((I welcome sincere pushback and constructive criticism))
The True Tail of the Tiger Effect
In August of 2016, the golf world was in the sorrowful depths of withstanding a significant time apart from it’s most golden of children in the modern game: Tiger Woods. Ryan Harrington published “What Golf Looked Like Before Tiger Woods Turned Pro And Changed The Game Forever” for Golf Digest and wooed her readers with several impressive statistics. Sean Foley, Woods’ former coach, has been quoted as saying “I think when he came on the tour the purse was about $70 million and this year it’s $297 million. That escalation over 20 years is attributable to one person’s influence." But where Harrington and Foley err - and where many err in their laud of and admiration for Woods – is in looking at these statistics in a vacuum seemingly in order to bolster the messianic Woods narrative.
One of the most relevant (but possibly not as praiseworthy for Woods) interdisciplinary points is to compare the monetary statistics of the PGA Tour with those of other professional sports. This gives us an idea of how the sports entertainment business has changed – and in reality thrived as if one cohesive unit – in America. For this exercise in factual rhetoric, let’s choose an arbitrary date that just happened to be brought to attention by a social media post of Curtis Strange’s: 1988.
30 years in the past marks a reasonable starting point for two reasons: the four major American leagues in question (the NBA, MLB, NFL, and PGA Tour) were all being widely televised and were all comfortably lucrative. To preface, our comparisons of these years and leagues will be predicated on the basis of an inflationary rate of 114% percent, from 1988 to 2018. In some instances, modern average salaries of the professional sports leagues may be taken from years just adjacent to 2018, which in no way inflates the results (in some cases, it could actually deflate them). So, let’s dive right into the landscape …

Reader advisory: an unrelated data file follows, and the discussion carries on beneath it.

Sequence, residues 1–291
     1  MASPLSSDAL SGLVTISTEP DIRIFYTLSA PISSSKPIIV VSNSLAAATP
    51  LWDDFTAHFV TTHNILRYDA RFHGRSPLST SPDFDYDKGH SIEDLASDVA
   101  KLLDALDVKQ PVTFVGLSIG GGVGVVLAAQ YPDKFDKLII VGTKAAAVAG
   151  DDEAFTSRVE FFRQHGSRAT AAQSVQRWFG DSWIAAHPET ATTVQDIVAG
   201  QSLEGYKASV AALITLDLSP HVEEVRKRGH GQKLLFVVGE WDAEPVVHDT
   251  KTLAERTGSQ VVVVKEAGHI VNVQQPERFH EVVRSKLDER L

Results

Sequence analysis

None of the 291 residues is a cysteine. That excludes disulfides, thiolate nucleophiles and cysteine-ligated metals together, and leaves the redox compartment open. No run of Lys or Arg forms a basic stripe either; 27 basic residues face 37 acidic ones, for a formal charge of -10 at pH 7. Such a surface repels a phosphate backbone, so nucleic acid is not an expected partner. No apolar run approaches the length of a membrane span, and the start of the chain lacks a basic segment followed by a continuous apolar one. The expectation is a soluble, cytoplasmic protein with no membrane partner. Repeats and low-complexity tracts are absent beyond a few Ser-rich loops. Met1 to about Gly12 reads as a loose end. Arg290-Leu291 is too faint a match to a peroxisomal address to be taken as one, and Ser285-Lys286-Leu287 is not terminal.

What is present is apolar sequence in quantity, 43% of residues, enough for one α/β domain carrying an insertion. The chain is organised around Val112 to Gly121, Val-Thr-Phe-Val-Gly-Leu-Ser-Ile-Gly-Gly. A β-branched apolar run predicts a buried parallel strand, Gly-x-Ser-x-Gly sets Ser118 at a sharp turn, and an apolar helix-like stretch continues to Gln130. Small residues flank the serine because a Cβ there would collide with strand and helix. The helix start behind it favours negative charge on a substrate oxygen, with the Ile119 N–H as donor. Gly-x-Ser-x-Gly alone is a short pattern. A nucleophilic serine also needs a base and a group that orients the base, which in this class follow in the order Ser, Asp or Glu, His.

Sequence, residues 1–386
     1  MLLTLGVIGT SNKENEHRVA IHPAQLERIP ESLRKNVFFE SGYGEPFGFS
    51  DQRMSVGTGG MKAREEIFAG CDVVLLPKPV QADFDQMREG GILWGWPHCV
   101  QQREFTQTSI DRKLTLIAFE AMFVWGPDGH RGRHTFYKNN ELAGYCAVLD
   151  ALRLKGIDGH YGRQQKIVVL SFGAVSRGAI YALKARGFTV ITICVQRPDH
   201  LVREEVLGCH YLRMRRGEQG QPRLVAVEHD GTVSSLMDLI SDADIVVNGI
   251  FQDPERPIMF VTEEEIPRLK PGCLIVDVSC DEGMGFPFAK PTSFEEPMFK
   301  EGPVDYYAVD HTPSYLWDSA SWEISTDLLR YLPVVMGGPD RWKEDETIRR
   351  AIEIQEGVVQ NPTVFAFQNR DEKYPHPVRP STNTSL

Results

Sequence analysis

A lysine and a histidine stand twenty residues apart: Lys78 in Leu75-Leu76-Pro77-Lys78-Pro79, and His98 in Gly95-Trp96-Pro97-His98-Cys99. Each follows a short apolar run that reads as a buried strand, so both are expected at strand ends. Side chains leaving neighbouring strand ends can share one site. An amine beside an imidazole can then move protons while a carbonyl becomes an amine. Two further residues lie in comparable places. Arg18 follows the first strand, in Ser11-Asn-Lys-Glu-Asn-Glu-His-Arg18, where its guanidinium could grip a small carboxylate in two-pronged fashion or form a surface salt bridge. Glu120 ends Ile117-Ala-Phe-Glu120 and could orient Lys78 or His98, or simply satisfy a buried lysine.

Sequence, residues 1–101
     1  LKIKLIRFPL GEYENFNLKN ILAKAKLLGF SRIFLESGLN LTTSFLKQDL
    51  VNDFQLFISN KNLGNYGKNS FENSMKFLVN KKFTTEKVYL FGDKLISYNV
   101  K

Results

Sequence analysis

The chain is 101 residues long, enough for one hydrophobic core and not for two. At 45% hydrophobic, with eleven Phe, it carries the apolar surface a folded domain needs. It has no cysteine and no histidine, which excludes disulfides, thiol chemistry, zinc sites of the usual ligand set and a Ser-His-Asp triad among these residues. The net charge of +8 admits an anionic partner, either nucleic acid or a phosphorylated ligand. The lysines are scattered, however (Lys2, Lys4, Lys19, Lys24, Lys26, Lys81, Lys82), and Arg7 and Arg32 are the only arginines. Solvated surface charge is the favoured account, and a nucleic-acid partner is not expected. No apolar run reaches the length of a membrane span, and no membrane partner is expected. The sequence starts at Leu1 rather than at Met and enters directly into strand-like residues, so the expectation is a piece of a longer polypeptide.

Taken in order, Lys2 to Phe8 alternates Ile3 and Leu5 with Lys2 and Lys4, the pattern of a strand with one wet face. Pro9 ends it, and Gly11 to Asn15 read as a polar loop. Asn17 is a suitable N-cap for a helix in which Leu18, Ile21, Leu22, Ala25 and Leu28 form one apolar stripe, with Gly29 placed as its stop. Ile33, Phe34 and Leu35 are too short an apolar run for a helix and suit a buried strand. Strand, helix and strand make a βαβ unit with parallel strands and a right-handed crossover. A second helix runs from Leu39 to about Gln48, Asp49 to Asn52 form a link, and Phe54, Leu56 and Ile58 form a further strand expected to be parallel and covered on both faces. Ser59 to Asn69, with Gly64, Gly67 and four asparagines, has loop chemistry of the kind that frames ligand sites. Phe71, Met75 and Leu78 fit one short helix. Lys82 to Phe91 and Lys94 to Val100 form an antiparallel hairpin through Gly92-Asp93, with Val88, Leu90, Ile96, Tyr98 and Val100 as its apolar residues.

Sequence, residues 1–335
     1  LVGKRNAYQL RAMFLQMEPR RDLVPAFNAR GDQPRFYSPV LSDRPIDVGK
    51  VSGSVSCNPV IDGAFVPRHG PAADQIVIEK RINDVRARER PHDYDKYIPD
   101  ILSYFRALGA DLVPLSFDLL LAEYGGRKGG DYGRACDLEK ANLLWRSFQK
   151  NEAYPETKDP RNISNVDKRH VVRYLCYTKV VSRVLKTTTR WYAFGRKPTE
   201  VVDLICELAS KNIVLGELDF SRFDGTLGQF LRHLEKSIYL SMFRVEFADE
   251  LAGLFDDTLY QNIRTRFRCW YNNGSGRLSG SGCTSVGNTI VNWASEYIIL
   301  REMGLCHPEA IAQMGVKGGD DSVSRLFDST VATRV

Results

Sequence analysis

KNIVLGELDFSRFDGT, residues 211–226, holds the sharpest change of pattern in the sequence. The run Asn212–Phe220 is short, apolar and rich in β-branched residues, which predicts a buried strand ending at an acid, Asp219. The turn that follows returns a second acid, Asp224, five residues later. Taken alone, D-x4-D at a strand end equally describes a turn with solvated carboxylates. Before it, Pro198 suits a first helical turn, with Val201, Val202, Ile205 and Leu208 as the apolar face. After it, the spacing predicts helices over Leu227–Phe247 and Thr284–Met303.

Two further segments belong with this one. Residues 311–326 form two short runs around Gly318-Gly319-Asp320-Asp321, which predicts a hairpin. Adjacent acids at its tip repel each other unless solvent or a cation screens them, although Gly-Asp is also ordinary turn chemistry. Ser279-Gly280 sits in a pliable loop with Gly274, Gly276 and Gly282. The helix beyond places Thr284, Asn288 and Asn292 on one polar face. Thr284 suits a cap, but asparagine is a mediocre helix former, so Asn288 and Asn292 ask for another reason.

In no later than 2016, the average salaries for these American leagues were as follows:
National Basketball Association: $6.2 million
Major League Baseball: $4.4 million
National Football League: $2.1 million
These organizations’ pay rate looked staggeringly different in 1988 (adjusted for inflation in secondary column) …
NBA: $530,000 $1.13 million
MLB: $240,000 $512,000
NFL: $440,000 $940,000
When each of these historical figures is compared to its contemporary, we get overall “wage” increases of:
Now let’s turn the lens to the PGA Tour. In 1988, the average purse for a Tour event was roughly $750,000. Adjusted for inflation, that is $1.6 million per tournament. In 2018, we see what appears to be a staggering increase, with PGA events awarding $7.4 million per tour stop. Until …
7,400,000 / 1,600,000 = 4.625
The PGA Tour’s rate of “wage increase” is commensurate with and mirrors that of professional sport in America in general over the last 30 years. Is this to say that Woods had nothing to do with it? Absolutely not. But none of the other professional leagues detailed above have been willing to lay late 20th/21st century success at the feet of one man. So who’s responsible in the other major American sports? Or, because that line of logic fails to check out, could it be that the rise in PGA Tour prize moneys has been due to, in large part, a natural increase in the valuation of the landscape of American athletic entertainment?